Pennsylvania Avenue is a street in Washington, D.C. that joins the White House and the United States Capitol. Called "America's Main Street", it is the location of official parades and processions, as well as protest marches...

 for some fresh air. He noticed a crowd of people heading towards the White House
White House
The White House is the official residence and principal workplace of the president of the United States. Located at 1600 Pennsylvania Avenue NW in Washington, D.C., the house was designed by Irish-born James Hoban, and built between 1792 and 1800 of white-painted Aquia sandstone in the Neoclassical...

. He discovered Lincoln giving his last public address to the public and was intrigued by the President's facial features. Soon after, Leale learned out that Lincoln was going to Ford's Theatre to see the play Our American Cousin. "After completing his duties... Leale changed to civilian clothes and rushed to the Theater, not to see the play, but to study President Lincoln's face and facial expressions." He asked for a seat in the orchestra so he would have an unhindered view, but had arrived late and was given a seat in the dress circle (near the front, same side and 40 ft away from the President's box).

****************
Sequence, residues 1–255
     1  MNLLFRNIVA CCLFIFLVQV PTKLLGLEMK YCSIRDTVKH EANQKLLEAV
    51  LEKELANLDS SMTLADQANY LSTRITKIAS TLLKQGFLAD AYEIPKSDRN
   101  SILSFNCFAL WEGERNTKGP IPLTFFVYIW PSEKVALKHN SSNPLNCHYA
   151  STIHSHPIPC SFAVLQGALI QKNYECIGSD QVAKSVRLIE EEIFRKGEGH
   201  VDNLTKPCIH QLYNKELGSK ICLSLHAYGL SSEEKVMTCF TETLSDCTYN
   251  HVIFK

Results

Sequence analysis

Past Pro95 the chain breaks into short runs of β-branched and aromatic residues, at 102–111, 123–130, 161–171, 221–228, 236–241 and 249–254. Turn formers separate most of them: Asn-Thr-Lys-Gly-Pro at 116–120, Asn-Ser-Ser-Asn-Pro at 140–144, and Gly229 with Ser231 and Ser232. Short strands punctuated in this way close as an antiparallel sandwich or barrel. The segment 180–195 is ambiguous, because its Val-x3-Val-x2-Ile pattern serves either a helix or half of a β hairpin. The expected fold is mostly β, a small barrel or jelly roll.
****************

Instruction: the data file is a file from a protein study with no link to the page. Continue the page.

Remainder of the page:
There was an interruption in the play when Lincoln arrived: the orchestra played "Hail to the Chief," and the audience gave a standing ovation. Leale could see the full face of the President as he stood only a few aisles behind him.

The play was interrupted once more when John Wilkes Booth jumped down from the presidential box to the stage. Leale, seeing this, immediately rushed to the President's box. When he arrived, he found Lincoln slumped in his armchair supported by Mrs. Lincoln, who was weeping frantically. Leale received permission to take charge. Leale discovered Lincoln with his eyes open, paralyzed, and with a weak pulse. He laid the president down and initially thinking that he had been stabbed, searched for wounds in his body. Finding none, he further detected that his pupils were dilated and finally found "a large clot of blood about one inch below the superior curved line and an inch and a half to the left of the median line of the occipital bone in the back of the skull," that showed that he had been shot. After examining the wound, Leale then performed mouth-to-mouth resuscitation, but realized that if the blood clot in the back of his head was removed, his patient was able to respire, and continued to release the clot periodically. His assessment of the dire condition of the President, "His wound is mortal; it is impossible for him to recover," was announced to the entire country.

Army surgeon Dr. Charles S. Taft and Dr. Albert F. A. King of Washington then joined Leale and conceded that President Lincoln would not survive a carriage ride back to the White House. Leale ordered that he be moved to the Petersen House
Petersen House